Ah, December! The days are shorter than ever, and we’ve begun to spot the odd snowflake amid the raindrops here in Vancouver. If you’re anything like me, there hasn’t been much time to absorb the impending end of another calendar year. Between end-of-term busyness, environmental catastrophes, and emergent disease variants, it’s hard to believe that the holiday season will soon be upon us. But such is life — it does, in fact, tend to go on. And as life goes, so does our monthly news roundup!
In our December author spotlight, we interview Sara de Waal, a writer and teacher from Abbotsford, BC. Sara discusses her first book, 48 Grasshopper Estates, which was published in April 2021; the impact that UBC’s MFA program had on her as a writer; and the things that she finds essential to her writing practice:
“The most essential part of my writing practice is probably reading. I notice that if I’m reading scores of funny, delightful, and poignant picture books, my motivation for learning how to write picture books goes way up, and I want to sit down and try something new, play, work out an idea. From there, sometimes a longer project will evolve and be sustained by that initial joy sparked by reading… If I feel anxious or bored or stuck when I approach the page, I’m probably hangry for a good book.” – 5 Questions for Sara de Waal
This month, our reviewers and editors are taking a well-deserved break after an incredibly successful and rewarding 2021 here at YAing. November was another milestone month for us, with more of you visiting the site than ever before! We are so grateful for the time you’ve spent with us — the editors, the reviewers, and the authors — during this strange, troubling year. And in case you missed any of our wonderful reviews in November, here’s what we published since the last time I wrote to you:
- “… [G]ut-wrenchingly real and making every fat person—including me—feel extremely seen in our collective experience of systemic fatphobia and the ways it intersects with other forms of oppression, including ableism, racism, queerphobia, and heterosexism.” Shyamala Parthasarathy reviews The (Other) F Word, an anthology edited by Angie Manfredi.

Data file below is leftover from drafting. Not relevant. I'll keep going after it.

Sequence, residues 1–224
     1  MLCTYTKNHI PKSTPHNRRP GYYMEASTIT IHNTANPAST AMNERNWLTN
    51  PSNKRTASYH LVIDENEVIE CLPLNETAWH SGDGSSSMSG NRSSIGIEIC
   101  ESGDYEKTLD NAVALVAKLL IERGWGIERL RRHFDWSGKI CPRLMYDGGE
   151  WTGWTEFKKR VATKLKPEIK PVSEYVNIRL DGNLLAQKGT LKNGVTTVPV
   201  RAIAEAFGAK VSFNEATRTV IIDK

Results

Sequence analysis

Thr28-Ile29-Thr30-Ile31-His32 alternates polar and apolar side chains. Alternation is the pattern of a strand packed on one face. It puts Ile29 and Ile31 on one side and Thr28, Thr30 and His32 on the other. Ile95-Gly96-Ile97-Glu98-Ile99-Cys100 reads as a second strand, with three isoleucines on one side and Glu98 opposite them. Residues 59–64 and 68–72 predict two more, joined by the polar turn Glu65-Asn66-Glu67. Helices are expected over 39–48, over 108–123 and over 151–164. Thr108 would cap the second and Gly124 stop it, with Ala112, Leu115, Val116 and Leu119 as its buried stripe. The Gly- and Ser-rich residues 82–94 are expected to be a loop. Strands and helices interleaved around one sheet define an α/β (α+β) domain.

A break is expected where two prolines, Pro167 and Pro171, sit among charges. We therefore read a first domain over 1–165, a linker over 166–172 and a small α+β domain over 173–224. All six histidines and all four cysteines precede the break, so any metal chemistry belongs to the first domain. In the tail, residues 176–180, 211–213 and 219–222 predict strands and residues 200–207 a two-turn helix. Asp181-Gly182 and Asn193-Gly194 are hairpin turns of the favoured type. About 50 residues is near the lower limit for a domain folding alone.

- “The politics of artmaking in 1960s China is a tense subject to handle, especially for a picture book, but the brothers’ relationship and journey never stray from the foreground of the story.” Claudine Yip reviews Flying Paintings: A Story of Art and Revolution by Amy Alznauer, illustrated by ShanZuo Zhou and DaHuang Zhou.
- “This gentle tale of first friendship reads like a seamless sequel to the now-classic original tale by author Sam McBratney and illustrator Anita Jeram, Guess How Much I Love You.” Sara Francoeur reviews Will You Be My Friend? by Sam McBratney, illustrated by Anita Jeram.
- “Shannon Takaoka’s debut novel Everything I Thought I Knew poses a fascinating spectrum of What ifs.” Claudine Yip reviews Everything I Thought I Knew by Shannon Takaoka.
- “In a childhood where books were my most reliable friends, Calvin and Hobbes were the best of them, allowing me to absorb art with almost no pretensions.” Micah Killjoy reviews The Calvin and Hobbes Tenth Anniversary Book by Bill Watterson.
- “With a surprise ending guaranteed to make readers laugh, Whose Poo? is a positive approach to teaching young readers about the mysterious world of poo.” Jocelyne Gregory reviews Whose Poo? by Daisy Bird, illustrated by Marianna Coppo.
- “An enemies-to-lovers sapphic teen love story set in Ireland, The Henna Wars features a cast of all POC characters, all of whom must grapple with the ways queerness and race interact with each other in their lives.” Shyamala Parthasarathy reviews The Henna Wars by Adiba Jaigirdar.
Even though we won’t have any new reviews for you this month, stay tuned to our Twitter account as we revisit some of the amazing reviews from earlier this year that you might have missed — and keep your eyes out for our 2021 YAing Wrapped post, coming to you on the last Monday of the month!
It’s the end of the year, which means it’s best-of list season. We love the Canadian Children’s Book Centre’s list, which includes some books we’ve reviewed — and some that you’ll see in our digital pages in the new year. We’ve also been loving the Toronto Public Library’s list of the best books of the year for readers under five.
The end of the year, of course, means that a new year is right around the corner. We’ve been eyeing Penguin Teen’s list of 2022 releases — which of these books are you most excited for? I know there are some here that I just can’t wait for our reviewers to sink their writing teeth into!
As always, please do send us your news related to children’s and young adult literature at firstname.lastname@example.org so we can feature them in future newsletters. Our newsletter is published on the 2nd Monday each month. And remember to keep up with us on Twitter and Instagram!
Take care, and happy reading,
The Young Adulting Editors